Calls have been made for Minister for Agriculture Charlie McConalogue to redistribute €200m allocated for organic farming to conventional suckler, sheep and tillage farmers.
Irish Farmers' Association (IFA) north Tipperary chair Imelda Walsh said the money would be better spent supporting farmers in those sectors whose payments are being hit by the combination of convergence, front-loading and eco schemes.
"I have huge respect for organic farming and farmers, but a lot of their product struggles to find a market and goes into the conventional market,” she told the Irish Farmers Journal.
“Organic food is a niche, artisan product that it outside the affordability range of most Irish families.
"If we follow what the Minister said and increase the land under organics from 77,000ha to 330,000ha, that niche will be gone, where will they find their market then?” she asked.
Walsh described Minister McConalogue’s CAP spending plans, announced this week, as “aspirational” and “very disingenuous to beef finishers”.
“Commodity prices are going well at the moment, but it’s only two years since beef farmers were at the gates of factories.
"What happens if the market slumps again? There’s nothing for beef finishers in the announcements this week, they have been ignored completely,” Walsh said.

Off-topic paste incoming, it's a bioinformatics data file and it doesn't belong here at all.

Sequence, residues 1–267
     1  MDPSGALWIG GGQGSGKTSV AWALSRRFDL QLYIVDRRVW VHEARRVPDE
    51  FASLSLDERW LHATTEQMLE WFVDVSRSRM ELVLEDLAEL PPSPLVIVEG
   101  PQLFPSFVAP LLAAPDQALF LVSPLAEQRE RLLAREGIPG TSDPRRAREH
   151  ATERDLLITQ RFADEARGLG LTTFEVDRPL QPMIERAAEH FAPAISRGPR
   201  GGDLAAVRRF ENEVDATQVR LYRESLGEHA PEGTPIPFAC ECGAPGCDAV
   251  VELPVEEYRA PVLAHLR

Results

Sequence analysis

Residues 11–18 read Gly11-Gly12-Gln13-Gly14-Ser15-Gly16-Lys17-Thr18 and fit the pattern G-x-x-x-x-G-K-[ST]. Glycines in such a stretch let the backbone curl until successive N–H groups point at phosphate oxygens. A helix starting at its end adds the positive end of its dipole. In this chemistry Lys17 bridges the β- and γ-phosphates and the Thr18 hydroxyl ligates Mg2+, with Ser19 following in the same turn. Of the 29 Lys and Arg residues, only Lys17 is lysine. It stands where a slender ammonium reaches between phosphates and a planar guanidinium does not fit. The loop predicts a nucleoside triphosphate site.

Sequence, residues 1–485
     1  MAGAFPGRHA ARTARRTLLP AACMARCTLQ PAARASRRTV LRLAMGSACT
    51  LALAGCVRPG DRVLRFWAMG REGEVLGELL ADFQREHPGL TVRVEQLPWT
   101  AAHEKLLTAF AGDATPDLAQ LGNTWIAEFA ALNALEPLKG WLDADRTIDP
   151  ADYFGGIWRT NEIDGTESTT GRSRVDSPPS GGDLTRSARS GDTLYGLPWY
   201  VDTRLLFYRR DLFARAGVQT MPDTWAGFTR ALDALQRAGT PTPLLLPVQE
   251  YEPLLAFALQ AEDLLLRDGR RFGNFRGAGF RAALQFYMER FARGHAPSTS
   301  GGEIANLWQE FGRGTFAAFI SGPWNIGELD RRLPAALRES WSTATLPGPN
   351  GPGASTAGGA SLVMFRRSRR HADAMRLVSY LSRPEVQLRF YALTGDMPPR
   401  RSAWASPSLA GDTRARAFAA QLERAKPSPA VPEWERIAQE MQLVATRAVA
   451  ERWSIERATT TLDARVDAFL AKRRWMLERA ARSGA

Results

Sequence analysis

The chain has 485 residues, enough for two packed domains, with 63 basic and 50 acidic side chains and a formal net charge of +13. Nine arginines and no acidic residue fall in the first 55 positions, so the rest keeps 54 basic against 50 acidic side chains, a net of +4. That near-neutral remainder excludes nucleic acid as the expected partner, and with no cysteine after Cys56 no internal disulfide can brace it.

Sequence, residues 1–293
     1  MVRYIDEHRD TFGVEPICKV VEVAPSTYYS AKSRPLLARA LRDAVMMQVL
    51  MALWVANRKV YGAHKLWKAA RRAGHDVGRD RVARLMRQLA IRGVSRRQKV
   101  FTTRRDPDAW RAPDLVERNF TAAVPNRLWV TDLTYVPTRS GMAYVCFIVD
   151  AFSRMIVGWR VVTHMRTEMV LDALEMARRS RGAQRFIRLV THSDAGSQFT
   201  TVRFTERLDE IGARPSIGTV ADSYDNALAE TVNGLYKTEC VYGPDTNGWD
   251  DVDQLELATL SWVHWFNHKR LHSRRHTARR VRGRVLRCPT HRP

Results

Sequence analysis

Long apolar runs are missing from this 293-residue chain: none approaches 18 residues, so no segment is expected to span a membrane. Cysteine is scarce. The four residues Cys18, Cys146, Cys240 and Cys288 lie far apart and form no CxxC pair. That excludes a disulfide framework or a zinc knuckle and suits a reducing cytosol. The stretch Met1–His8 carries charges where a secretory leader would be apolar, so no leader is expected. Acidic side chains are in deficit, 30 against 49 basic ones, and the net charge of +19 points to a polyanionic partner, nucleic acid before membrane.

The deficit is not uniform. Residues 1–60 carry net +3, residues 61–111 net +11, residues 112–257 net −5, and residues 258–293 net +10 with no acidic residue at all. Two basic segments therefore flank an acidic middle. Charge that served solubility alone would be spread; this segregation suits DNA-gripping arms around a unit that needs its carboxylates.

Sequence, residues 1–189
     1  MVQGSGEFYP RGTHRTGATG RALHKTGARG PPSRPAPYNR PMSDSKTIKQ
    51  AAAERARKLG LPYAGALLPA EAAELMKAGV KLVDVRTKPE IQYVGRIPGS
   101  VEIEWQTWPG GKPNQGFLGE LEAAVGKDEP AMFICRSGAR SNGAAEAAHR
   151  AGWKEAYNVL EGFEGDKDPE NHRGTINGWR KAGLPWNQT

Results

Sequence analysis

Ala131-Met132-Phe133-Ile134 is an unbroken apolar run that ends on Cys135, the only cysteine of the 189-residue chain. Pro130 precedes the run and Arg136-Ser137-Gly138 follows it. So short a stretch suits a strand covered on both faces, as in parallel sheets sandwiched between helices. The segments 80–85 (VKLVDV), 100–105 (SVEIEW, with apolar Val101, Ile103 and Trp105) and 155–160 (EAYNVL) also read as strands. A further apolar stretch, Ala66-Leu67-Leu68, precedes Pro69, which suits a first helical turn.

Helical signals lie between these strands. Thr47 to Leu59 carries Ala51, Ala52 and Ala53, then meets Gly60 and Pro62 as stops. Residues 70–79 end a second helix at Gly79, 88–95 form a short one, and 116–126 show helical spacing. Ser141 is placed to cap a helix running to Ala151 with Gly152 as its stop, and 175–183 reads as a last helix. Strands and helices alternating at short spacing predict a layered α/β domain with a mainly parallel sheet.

Speaking as the Minister arrived at Thurles Mart to outline his CAP plans and hear farmer feedback, she said that while €260m had been allocated for the new suckler carbon efficiency scheme, it was not going to be enough for the entire suckler herd.
“There’s €160/cow for the first 10 cows and €120/cow after that, but it only covers 385,000 cows - what about the other 500,000 cows?
"Where does the Minister think they are going to go?” she asked. “If all suckler cows were applied for, the payment is only €55/cow.”
Similarly, she pointed out that the €20m sheep scheme was being quoted as €12/ewe, but if the fund were allocated across all 2.6m sheep, it would equate to only €7.70/head if all farmers applied.
Tillage farmers hit
Tillage farmers are being badly hit by convergence of farm payments, the Tipperary farmer added.
“Tillage farmers in Tipperary lost the sugar beet industry and now they’re being hit again,” she said.
Walsh described Minister McConalogue as “like someone who went to the shop and came home with all the sweets and cakes, but forgot all the core things like meat and bread and milk - he did not spend the money wisely”.
On the new agri environment measures, which has a top payment available of €10,000, the IFA county chair said she could see the maximum payment going to only a very small cohort of farmers and expected to see the majority receiving closer to the €5,000 average.
“What would also concern me about that scheme is how much money will leak to consultants out of farmers’ payments,” she added.
As the third IFA protest in 36 hours got under way in Co Tipperary, Walsh pledged “the Minister will not leave Tipperary without realising the impact of his plans on farmers in this county. He had the opportunity to spend the money wisely and he didn’t do it.”
She added that she felt Fianna Fáil and Fine Gael were “getting away a bit light by letting the Greens be blamed for everything. They are all in Government together.”